Caesarism, a.k.a. Bonapartism, as I titled my post on Trump early last month. And continuing with French analogies, the French equivalent of MARS is exactly, precisely the kind of voters who support the Front National (père and fille alike).
Judis puts the MARS at some 20% of the American electorate and 30-35% of the GOP’s. It has been my conviction—and I’m hardly alone on this—that Trump’s poll numbers will decline as the campaign progresses and that he won’t go the distance. But who knows? I don’t dare hazard predictions on the GOP race. If Trump does fade or drop out at some point—which is no sure thing—I have been assuming that many of his supporters will shift to Ted Cruz. But in view of the Warren/Judis profile of the MARS, this assumption needs revising. In point of fact, if one looks at what the exit polls said about Perot’s vote in ’92 and ’96—and, in France, of the behavior of Le Pen voters in the second rounds of presidential elections since 1988—a certain number of MARS voters—a fifth to a third—would (or did) end up voting for the candidate of the liberal-left (US Democrat, French Socialist) if their champion was not on the ballot, and with a sizable portion—up to a third—staying home. So if Trump were to leave the race, his supporters would likely disperse in several directions, including abstention.
Also in the National Journal is a commentary, dated October 19th, by its editorial director, Richard Brownstein, that continues in Judis’s vein, “Donald Trump’s Lead Explained in Two Sentences.” Brownstein begins
The blue-collar wing of the Republican primary electorate has consolidated around one candidate.
The party’s white-collar wing remains fragmented.
That may be the most concise explanation of the dynamic that has propelled Donald Trump to a consistent and sometimes commanding lead in the early stages of the GOP presidential nomination contest.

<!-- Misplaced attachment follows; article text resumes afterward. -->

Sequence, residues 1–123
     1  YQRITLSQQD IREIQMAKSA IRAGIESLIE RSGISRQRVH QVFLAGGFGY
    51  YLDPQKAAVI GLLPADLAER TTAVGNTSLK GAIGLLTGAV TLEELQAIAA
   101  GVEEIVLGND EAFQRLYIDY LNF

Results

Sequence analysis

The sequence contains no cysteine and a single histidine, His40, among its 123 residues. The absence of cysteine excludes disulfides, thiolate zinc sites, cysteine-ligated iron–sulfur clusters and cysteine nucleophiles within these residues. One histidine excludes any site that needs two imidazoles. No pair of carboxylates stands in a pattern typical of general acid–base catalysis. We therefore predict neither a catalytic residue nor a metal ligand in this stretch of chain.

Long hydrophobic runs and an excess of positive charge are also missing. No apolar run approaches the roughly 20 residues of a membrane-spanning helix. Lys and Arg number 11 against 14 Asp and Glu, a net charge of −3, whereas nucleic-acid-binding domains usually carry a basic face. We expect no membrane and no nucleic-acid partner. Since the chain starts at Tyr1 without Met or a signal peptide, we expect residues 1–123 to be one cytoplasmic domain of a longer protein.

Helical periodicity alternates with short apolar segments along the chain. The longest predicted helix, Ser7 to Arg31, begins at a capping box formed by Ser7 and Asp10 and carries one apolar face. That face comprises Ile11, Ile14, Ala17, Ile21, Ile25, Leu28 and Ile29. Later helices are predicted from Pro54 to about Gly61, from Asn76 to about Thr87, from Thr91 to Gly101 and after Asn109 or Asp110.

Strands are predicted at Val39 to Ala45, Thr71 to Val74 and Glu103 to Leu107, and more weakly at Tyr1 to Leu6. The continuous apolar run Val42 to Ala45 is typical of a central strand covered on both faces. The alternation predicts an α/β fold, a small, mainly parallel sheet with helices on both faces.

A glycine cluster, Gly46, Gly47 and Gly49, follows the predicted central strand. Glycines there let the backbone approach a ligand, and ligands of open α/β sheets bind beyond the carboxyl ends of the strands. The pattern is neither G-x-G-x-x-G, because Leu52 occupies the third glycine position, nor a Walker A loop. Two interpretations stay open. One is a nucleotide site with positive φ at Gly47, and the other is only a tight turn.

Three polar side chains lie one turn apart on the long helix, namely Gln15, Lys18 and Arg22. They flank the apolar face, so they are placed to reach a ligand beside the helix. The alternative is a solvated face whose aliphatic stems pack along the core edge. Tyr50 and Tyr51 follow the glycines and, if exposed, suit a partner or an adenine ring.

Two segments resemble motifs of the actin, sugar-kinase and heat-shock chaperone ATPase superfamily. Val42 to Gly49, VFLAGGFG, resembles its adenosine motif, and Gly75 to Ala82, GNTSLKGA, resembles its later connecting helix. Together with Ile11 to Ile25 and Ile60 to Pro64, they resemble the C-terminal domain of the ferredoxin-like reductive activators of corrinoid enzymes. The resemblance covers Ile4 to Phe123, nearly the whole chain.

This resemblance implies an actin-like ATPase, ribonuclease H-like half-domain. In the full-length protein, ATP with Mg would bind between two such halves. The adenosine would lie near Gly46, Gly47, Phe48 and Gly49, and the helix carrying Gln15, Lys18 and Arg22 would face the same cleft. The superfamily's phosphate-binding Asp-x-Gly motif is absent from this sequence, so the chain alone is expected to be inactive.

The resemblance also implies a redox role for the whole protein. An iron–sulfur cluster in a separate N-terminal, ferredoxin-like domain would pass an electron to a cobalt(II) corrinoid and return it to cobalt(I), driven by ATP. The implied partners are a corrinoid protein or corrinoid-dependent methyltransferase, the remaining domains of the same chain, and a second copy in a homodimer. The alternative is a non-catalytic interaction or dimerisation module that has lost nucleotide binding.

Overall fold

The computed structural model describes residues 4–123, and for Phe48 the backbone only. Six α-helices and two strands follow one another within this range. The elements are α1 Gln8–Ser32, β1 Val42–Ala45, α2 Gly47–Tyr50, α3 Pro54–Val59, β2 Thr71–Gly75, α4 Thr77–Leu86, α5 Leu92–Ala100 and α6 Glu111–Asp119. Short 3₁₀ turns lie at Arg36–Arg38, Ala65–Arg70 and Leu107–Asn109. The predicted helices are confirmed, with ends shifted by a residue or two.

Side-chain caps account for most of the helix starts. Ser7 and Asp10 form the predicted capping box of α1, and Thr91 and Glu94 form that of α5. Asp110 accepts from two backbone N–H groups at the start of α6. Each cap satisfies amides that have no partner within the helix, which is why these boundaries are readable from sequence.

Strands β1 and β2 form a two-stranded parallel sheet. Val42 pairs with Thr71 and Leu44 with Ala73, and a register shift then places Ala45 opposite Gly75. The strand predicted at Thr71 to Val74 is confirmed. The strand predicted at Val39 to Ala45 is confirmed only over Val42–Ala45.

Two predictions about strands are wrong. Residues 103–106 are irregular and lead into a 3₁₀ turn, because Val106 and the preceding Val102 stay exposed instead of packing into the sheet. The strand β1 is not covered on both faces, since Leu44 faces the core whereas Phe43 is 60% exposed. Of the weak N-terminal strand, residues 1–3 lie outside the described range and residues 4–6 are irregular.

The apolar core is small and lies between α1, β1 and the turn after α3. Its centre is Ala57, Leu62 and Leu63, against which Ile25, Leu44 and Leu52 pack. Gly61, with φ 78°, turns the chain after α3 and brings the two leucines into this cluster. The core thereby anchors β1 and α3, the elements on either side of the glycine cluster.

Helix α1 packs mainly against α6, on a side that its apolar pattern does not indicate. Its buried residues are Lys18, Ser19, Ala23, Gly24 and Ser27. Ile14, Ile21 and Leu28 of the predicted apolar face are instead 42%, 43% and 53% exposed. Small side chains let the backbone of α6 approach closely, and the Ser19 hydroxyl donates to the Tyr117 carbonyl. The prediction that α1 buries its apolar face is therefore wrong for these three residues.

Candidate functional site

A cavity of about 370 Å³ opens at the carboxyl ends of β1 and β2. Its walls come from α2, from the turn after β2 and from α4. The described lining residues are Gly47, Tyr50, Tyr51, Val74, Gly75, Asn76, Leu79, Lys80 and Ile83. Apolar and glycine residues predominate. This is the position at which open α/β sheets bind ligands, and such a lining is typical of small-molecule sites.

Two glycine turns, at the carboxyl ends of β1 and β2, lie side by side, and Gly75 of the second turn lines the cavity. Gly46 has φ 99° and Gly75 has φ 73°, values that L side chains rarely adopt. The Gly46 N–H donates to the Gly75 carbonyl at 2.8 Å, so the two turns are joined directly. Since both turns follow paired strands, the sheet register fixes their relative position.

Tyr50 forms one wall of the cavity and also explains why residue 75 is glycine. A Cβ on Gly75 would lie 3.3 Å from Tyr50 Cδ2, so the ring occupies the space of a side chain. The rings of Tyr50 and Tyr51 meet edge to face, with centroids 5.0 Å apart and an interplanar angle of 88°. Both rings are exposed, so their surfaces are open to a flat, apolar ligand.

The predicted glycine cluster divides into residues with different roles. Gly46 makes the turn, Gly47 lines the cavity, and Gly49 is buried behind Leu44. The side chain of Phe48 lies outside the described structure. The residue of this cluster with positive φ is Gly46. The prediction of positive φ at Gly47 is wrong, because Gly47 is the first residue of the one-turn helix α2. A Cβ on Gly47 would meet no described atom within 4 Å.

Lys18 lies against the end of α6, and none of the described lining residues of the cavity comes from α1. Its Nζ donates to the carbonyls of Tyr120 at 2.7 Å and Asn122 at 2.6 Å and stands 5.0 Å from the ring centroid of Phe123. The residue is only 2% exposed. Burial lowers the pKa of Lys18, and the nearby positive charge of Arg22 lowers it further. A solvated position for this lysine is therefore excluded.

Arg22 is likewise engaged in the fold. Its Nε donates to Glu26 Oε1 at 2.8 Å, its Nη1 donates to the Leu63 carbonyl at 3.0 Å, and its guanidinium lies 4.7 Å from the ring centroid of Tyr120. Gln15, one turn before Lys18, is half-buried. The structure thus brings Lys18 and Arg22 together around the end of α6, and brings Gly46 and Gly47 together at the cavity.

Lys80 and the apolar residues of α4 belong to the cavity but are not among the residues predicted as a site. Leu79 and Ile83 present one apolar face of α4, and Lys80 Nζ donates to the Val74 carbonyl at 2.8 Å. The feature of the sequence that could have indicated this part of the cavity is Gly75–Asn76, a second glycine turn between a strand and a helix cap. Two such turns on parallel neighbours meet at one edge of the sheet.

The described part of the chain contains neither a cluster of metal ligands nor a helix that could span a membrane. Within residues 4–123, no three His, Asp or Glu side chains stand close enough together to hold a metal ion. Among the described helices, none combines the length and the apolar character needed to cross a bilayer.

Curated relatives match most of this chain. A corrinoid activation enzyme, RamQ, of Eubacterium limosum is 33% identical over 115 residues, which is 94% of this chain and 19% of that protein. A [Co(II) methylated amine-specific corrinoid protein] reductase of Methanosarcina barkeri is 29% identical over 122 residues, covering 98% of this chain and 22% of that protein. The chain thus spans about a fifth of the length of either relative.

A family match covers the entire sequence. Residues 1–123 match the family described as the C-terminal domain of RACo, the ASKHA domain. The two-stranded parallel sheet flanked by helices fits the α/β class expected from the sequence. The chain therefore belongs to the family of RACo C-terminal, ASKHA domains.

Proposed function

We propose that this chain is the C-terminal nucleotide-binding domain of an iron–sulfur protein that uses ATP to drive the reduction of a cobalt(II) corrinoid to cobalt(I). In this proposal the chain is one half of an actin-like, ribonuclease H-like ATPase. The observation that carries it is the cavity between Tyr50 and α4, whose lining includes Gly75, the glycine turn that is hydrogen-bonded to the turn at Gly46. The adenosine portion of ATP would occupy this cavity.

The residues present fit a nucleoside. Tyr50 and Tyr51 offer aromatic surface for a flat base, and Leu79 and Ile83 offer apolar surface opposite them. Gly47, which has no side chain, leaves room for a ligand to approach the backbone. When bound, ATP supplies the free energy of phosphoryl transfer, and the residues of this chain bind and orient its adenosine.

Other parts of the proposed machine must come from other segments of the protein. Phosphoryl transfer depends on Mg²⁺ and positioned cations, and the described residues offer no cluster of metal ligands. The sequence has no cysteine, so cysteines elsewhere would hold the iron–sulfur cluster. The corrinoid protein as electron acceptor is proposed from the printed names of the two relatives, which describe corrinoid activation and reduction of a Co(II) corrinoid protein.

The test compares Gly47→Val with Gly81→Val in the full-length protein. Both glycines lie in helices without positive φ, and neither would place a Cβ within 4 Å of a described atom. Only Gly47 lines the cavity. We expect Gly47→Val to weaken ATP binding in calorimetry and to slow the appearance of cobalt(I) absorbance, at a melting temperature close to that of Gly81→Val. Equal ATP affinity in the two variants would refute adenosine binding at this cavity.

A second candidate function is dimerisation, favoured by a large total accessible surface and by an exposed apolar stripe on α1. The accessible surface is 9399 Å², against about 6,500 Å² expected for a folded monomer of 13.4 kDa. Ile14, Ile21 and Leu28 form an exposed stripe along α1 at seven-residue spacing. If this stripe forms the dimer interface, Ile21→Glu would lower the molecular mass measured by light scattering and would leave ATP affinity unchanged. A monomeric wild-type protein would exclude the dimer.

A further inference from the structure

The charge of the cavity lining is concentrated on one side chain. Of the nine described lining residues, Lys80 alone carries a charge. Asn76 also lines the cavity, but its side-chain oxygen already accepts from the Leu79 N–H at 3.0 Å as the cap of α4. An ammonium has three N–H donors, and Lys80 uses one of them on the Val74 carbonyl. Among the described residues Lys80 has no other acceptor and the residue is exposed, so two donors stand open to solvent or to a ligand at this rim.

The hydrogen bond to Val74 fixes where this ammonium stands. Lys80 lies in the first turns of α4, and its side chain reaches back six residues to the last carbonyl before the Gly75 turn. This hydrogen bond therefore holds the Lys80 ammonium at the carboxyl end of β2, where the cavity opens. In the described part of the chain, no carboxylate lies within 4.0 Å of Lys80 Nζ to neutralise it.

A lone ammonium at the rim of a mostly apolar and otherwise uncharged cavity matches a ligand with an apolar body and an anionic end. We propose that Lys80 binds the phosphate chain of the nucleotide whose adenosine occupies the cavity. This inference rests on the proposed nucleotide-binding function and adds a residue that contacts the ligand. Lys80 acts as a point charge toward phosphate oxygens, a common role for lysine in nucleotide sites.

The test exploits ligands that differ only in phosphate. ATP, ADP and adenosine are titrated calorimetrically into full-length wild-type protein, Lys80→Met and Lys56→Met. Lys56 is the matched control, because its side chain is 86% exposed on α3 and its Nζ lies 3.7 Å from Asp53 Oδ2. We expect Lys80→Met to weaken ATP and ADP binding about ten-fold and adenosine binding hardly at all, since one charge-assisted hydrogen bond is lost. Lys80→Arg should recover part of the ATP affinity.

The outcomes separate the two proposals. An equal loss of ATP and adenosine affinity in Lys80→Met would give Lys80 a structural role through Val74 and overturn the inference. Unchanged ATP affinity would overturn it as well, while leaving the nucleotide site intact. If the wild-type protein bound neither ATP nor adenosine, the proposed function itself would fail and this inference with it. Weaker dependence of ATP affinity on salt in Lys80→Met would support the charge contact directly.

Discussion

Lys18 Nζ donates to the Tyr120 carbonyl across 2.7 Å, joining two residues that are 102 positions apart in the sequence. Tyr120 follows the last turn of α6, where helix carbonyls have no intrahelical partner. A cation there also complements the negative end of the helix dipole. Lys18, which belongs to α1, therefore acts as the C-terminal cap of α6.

Both national and state polls show Trump opening a substantial lead among Republican voters without a college education almost everywhere. And in almost all cases, Trump is winning more support from noncollege Republicans than any candidate is attracting from Republican voters with at least a four-year education. “It’s a challenge to Republicans that nobody has consolidated the college-graduate vote against Trump,” says Glen Bolger, a longtime GOP pollster skeptical of the front-runner.
In other words, Trump is cementing a strong blue-collar base, while the white-collar voters relatively more resistant to him have yet to unify around any single alternative. That disparity is critical because in both the 2008 and 2012 GOP nomination fights, voters with and without a four-year college degree each cast almost exactly half of the total primary votes, according to cumulative analyses of exit poll results by ABC pollster Gary Langer. With the two wings evenly matched in size, Trump’s greater success at consolidating his “bracket” explains much of his advantage in the polls.
The incarnation of the GOP white-collar candidate, Jeb Bush, is the subject of a comment Elizabeth Drew posted on the NYRB’s blog, “The Big Bush Question” (October 21st). When it became clear last spring that Jeb would be entering the race, I peremptorily proclaimed him the near-certain GOP nominee for ’16. How silly of me.